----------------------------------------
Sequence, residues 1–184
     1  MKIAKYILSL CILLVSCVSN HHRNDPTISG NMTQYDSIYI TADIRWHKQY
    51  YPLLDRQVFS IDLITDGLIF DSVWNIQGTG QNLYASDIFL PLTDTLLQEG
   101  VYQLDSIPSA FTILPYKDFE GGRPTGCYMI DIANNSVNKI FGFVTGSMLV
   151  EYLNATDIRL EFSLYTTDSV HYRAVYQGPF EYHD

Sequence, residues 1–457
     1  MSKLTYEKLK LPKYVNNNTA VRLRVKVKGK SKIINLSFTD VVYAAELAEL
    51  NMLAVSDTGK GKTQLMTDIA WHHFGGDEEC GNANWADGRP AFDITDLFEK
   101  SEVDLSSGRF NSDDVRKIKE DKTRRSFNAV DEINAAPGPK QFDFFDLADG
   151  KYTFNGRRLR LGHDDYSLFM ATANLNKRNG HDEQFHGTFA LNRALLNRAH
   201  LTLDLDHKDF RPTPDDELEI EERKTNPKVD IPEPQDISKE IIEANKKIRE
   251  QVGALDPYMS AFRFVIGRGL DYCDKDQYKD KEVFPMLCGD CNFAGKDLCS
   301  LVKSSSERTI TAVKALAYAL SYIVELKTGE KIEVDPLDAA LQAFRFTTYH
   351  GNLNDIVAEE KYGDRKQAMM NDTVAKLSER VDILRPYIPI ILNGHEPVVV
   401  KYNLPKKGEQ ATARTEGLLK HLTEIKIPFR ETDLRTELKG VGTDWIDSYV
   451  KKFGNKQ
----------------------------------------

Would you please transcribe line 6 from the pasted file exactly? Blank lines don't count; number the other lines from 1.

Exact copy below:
Sequence, residues 1–457